....The tension between rationalists and antirationalists never abated throughout the Middle Ages. Among the beleaguered Jews of 15th-century Christian Spain, Maimonidean rationalism was seen by many as the root cause of the misfortunes and the reason for apostasy. On the other hand a man like Abraham Bibago, throughout his Derekh Emunah, defended rationalism, not only as being justified but as the very essence of Judaism.
....In Poland-Lithuania in the 16th-17th centuries the tension between Maimonideans and anti-Maimonideans likewise continued, as evidenced, for example, by the dispute between Moses Isserles and Solomon b. Jehiel Luria (see Moses Isserles, Resp., nos. 687; and see also his Torat ha-Olah).


I have just now made a new entry— Cult image— an unfamiliar expression, apparently, but it is the educated usage: "Idols!" Earlier today, someone made a bot that ran through Wikipedia redirecting all links of idol secretly to idolatry! How elegant. "Idols!" "Idols" are worshipped by "natives" aren't they? invariably dark-skinned natives, who grovel before "idols" in the Oriental dust. Europeans don't worship "idols": they put them in museums. Idols are non-Christian, and, quite tellingly, "idols" are non-European too. The Hermes of Praxiteles is never an "idol". Idols have jewels in their navels, to be filched by Indiana Jones... perhaps someone would like to edit "idols" out of this article. --Wetman 20:34, 15 January 2006 (UTC)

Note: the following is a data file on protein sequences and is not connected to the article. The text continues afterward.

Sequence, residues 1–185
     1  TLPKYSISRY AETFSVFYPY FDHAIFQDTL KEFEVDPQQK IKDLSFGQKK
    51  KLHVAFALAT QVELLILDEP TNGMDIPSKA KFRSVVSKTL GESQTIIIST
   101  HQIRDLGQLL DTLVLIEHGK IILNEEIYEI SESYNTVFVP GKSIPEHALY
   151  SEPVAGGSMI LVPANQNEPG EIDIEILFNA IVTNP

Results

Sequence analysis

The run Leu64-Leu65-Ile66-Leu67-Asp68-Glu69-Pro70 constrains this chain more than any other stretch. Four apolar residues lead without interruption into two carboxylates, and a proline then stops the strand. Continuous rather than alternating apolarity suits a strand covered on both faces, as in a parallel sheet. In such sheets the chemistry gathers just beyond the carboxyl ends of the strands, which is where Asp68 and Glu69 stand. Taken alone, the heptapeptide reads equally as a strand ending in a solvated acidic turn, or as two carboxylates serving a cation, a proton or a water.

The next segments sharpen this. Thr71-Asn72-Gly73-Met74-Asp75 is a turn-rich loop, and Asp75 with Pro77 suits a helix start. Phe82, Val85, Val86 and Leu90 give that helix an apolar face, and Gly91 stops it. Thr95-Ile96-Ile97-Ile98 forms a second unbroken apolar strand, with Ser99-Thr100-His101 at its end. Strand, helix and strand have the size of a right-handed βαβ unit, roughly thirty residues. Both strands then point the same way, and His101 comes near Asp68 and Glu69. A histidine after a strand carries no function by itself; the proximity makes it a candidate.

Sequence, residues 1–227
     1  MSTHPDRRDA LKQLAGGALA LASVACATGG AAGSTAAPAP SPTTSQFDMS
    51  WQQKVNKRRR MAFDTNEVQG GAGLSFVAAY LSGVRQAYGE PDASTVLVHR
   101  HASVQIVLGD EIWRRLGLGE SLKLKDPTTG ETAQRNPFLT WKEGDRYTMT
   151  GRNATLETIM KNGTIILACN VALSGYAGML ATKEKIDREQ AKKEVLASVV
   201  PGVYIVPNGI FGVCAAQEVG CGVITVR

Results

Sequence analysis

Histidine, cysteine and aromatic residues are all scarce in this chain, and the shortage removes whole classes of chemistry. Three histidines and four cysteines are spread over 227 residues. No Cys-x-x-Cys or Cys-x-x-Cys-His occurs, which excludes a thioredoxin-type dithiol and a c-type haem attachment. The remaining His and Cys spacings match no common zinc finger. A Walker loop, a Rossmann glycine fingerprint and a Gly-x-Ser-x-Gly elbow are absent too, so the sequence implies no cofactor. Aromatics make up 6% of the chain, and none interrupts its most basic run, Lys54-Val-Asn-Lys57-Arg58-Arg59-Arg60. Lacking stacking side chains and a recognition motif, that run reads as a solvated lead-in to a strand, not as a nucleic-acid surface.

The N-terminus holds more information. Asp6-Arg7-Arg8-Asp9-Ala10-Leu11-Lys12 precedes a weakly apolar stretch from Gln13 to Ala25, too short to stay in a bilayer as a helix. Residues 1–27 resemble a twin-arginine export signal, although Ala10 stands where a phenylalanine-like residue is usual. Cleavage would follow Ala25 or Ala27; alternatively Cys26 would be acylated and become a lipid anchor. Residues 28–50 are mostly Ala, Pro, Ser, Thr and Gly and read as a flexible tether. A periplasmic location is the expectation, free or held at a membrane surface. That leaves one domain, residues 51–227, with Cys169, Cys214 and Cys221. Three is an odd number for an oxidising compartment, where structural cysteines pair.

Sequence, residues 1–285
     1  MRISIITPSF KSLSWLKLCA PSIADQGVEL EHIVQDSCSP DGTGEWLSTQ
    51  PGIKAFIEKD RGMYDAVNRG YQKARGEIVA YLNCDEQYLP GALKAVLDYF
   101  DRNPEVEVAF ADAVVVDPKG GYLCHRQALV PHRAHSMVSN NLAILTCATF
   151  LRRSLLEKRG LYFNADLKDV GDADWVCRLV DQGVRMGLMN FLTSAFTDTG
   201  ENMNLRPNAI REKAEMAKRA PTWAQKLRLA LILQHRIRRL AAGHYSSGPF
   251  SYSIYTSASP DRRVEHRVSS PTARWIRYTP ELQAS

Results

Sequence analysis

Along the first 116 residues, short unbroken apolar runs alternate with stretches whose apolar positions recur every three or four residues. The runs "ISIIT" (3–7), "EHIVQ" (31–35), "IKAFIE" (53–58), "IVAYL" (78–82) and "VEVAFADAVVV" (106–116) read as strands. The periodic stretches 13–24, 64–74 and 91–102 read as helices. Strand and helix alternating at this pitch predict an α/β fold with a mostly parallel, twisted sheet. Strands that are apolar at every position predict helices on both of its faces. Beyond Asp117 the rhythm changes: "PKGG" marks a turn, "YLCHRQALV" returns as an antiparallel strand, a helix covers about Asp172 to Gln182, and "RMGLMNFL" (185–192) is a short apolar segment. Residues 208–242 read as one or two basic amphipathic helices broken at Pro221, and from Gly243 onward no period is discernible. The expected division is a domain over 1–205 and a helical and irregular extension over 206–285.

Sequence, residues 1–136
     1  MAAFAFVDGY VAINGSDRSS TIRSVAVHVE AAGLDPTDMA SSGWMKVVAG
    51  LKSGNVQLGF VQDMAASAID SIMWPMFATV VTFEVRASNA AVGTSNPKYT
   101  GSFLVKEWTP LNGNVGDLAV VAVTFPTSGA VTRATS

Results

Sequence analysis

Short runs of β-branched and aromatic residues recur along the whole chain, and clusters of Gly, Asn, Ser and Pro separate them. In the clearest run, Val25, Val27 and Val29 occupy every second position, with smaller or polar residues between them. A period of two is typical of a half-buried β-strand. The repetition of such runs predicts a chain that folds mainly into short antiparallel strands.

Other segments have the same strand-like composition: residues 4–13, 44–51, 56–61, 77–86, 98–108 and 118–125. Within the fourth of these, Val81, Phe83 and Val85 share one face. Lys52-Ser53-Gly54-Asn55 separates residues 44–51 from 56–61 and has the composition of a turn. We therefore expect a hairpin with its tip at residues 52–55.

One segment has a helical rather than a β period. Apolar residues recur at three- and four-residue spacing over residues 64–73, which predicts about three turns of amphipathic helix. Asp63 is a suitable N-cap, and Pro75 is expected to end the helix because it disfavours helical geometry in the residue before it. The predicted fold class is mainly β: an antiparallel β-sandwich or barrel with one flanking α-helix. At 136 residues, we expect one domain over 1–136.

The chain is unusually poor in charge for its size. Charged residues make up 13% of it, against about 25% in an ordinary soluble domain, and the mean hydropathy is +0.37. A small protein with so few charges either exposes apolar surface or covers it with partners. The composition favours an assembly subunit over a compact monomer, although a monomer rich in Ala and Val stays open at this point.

The current title of this article implies that the article is about the idolatrous aspects of the Jewish religion. This is not its content. Perhaps we should rename to something like "Jewish view of idolatry"?
Frikle 22:10, 11 July 2006 (UTC)

I was about to make essentially that change, for exactly that reason. (Jewish views of idolatry would be more accurate.) I was restrained by both respect for the opinions of the many better versed on the subject than i, and by the ambiguity between Jewish descent and/or ethnicity on one hand, and adherance (self- or group-perceived) to Judaism. A change is needed, and Views in Judaism on idolatry, tho slightly awkward, will be at least an improvement if no one offers a further improvement.
--Jerzyt 15:41, 18 July 2006 (UTC)

Golden calf[edit]

Should the article mention the Golden Calf? -- 07:55, 11 May 2007 (UTC)

Of course it should. Nahum (talk) 10:38, 10 March 2008 (UTC)

Jesus and Christianity[edit]

It should also mention Jesus in the section titled "Worship of humans." However, I'll leave that for people with more reference books than me. -- Nahum (talk) 10:38, 10 March 2008 (UTC)

Agreed, it should be made clear that the opposition to Christianity has never really been lifted in mainstream Judaism. ADM (talk) 09:29, 3 May 2009 (UTC)

Torah worship=idolatry?[edit]

Anybody ever notice a Jewish service in which the Torah gets bowed to? Or Jerusalem? How does that square with the Jewish ban on idolatry? (talk) 04:36, 12 August 2009 (UTC)